Cover Image: Going Dutch

Going Dutch

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Member Reviews

Well, this story is...??? Going Dutch is deliberately infuriating on an epic level. Richard is the main character, and he's just a dolt. He's a grad student in NYC with a paper due so he can get paid, but he's got writer's block. Plus, his love life is in the toilet. He's gay and can't find a good man. Meanwhile, everyone else around him are happily dating, working, succeeding, etc. Money is no problem for them, yet Richard is broke. He's not as pitiful as he seems, though. The woe is me yarn he's spinning is starting to unravel. He's not moving forward in life because that's the choice he has made. Richard feeds off of pity and sympathy and whining. Not making a choice is what he's chosen. A woman enters his life and saves him, theoretically speaking. She has money and spends on him. She helps him with writers block by writing it herself. She desperately needs his attention. Then a man enters Richard's life via a dating app. He's successful and interested. Basically, Richard uses these two people in any way he can to get as much as possible from them. It's a love triangle kind of thing, and it's not clear if Richard is gay or bisexual. I despise this character. He's a self centered millennial with no morals. The writing is eloquent and lyrical. It's so nicely done. I just wish it were in a different story. Thanks to NetGalley for an arc in exchange for an honest review.
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I received a temporary digital Advance Reader Copy of this book from #NetGalley in exchange for an honest review.  			
			
From the publisher, as I do not repeat the contents or story of books in reviews, I let them do it as they do it better than I do 😸.			
			
Exhausted by dead-end forays in the gay dating scene, surrounded constantly by friends but deeply lonely in New York City, and drifting into academic abyss, twenty-something graduate student Richard has plenty of sources of anxiety. But at the forefront is his crippling writer’s block, which threatens daily to derail his graduate funding and leave Richard poor, directionless, and desperately single.

Enter Anne: his brilliant classmate who offers to “help” Richard write his papers in exchange for his company, despite Richard’s fairly obvious sexual orientation. Still, he needs her help, and it doesn’t hurt that Anne has folded Richard into her abundant lifestyle. What begins as an initially transactional relationship blooms gradually into something more complex.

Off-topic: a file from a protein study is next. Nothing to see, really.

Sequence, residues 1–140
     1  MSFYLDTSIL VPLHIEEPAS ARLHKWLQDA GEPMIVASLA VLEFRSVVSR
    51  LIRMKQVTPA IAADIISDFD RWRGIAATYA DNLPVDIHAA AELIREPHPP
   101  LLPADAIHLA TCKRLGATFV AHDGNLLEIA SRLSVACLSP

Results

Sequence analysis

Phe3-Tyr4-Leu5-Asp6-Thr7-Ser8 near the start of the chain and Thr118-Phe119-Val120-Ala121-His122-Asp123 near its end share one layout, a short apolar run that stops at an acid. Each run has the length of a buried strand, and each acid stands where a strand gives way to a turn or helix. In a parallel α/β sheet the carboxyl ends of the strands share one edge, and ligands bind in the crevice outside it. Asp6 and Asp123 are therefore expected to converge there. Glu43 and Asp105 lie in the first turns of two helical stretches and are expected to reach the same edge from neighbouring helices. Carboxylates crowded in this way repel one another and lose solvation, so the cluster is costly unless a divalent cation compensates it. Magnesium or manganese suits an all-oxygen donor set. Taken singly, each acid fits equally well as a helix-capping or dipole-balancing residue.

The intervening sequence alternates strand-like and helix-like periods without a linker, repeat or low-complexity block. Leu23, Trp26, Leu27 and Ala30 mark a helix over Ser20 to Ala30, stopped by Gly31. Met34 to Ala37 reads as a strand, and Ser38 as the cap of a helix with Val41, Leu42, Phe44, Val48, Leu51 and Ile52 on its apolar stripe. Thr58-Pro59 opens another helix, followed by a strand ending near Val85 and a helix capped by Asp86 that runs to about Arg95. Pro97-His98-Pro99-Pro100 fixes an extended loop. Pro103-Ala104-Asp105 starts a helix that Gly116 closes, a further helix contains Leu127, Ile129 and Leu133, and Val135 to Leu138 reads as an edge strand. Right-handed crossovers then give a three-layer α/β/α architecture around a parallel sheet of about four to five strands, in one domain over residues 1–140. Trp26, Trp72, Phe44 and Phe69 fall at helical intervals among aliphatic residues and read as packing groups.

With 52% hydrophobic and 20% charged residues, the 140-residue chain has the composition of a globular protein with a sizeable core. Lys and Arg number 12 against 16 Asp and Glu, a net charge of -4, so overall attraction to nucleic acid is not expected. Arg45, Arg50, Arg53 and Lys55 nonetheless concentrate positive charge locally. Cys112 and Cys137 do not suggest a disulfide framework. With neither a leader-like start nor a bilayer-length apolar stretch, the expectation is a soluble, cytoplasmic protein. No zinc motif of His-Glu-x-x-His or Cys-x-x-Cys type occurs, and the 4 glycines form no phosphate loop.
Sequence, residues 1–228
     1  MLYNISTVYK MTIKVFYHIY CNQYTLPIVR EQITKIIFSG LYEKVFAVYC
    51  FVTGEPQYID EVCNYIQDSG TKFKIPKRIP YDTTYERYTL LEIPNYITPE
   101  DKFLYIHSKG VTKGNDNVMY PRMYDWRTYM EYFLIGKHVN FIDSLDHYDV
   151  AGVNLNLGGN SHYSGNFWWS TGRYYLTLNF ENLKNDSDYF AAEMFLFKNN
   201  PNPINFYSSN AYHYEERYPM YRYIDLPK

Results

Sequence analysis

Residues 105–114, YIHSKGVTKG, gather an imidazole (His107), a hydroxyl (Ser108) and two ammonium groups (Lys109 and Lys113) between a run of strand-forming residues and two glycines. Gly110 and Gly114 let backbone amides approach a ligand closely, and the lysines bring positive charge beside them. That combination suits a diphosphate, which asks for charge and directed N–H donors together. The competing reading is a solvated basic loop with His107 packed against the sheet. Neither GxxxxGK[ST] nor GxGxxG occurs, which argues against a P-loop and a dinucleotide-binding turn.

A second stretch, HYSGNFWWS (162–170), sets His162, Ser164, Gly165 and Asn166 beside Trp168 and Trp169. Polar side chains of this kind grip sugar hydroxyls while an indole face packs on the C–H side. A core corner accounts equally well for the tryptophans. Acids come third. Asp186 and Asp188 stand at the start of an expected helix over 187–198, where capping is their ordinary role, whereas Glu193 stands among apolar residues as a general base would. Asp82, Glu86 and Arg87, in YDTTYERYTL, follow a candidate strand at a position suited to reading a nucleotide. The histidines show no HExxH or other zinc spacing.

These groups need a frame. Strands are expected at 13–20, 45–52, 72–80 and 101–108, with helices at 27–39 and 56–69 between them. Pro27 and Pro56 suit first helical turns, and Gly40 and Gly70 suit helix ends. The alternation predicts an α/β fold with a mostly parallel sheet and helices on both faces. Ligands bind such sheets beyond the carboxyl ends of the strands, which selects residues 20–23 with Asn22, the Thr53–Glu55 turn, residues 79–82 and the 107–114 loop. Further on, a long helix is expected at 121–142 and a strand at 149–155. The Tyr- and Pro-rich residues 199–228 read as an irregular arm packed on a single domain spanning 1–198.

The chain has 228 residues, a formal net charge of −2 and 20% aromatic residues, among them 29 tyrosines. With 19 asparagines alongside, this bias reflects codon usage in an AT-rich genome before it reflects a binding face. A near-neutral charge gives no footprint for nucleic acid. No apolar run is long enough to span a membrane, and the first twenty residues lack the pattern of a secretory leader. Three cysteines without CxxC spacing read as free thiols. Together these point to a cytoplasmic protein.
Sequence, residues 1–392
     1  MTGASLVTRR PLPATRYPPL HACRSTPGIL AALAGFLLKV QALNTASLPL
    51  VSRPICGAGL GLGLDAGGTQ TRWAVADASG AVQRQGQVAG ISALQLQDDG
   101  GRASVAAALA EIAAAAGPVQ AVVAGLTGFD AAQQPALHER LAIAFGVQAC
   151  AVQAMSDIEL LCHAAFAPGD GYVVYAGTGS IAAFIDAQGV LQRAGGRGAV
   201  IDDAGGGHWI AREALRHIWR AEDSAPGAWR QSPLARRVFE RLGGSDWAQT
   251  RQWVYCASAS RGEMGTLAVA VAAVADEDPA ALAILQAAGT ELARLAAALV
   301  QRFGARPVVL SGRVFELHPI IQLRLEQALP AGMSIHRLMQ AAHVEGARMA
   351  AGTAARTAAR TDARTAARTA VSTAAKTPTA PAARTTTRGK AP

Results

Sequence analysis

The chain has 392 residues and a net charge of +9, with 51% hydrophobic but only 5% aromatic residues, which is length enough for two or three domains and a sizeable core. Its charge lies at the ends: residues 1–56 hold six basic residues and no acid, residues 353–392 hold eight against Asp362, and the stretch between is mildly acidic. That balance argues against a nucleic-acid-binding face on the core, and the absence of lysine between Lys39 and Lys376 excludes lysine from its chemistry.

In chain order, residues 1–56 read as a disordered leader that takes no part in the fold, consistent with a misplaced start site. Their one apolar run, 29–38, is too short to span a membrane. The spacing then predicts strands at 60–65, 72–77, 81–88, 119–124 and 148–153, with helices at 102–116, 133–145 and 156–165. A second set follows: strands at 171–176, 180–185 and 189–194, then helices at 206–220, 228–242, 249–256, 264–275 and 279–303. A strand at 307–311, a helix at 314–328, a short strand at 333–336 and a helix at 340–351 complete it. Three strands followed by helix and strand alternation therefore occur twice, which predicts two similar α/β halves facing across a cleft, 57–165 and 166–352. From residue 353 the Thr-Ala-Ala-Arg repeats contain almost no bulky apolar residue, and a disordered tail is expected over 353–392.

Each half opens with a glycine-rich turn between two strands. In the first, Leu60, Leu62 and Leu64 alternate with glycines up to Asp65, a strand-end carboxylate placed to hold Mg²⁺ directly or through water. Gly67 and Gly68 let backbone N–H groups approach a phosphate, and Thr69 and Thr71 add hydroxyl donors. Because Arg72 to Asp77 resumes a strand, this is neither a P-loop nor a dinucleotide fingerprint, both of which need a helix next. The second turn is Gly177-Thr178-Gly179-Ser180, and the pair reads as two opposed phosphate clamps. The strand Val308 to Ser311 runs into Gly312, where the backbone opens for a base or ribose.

But then a one-swipe-stand with an attractive, successful lawyer named Blake becomes serious, and Richard suddenly finds himself unable to detach from Anne, entangled in her web of privilege, brilliance, and, oddly, her unabashed acceptance of Richard’s flaws. As the two relationships reach points of serious commitment, Richard soon finds himself on a romantic and existential collision course—one that brings about surprising revelations.

Going Dutch is an incisive portrait of relationships in an age of digital romantic abundance, but it’s also a heartfelt and humorous exploration of love and sexuality, and a poignant meditation on the things emotionally ravenous people seek from and do to each other. James Gregor announces himself with levity and a fresh, exciting voice in his debut.

Oh, Richard  - you are, well, a j@ck@$$. And a snowflake millennial. And I really didn't care at the end of you found love. When the main character is as whiny and entitled as Richard is, well, you don't want to read the book or not finish it. I certainly didn't --- a quick skim and done. 

As always, I try to find a reason to not rate with stars as I love emojis (outside of their incessant use by "Social Influencer Millennials" on Instagram and Twitter) so let's give the snowflake 😭		
			
p.s. - if you look at the cover from a few feet away, then men at the table look like a female's reproductive system - there is a womb, fallopian tubes and ovaries.  Funny that they are on an M-M romance novel cover!
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Thank you NetGalley for an ARC in exchange of an honest review.

I had a very hard time trying to finish this book. Richard comes off as a selfish, pretentious, ungrateful, whiny, needy person who has no problem using people to his own benefits. This can be a very good premise for an interesting novel. However, Going Dutch just feels as shallow and pretentious as Richard is.
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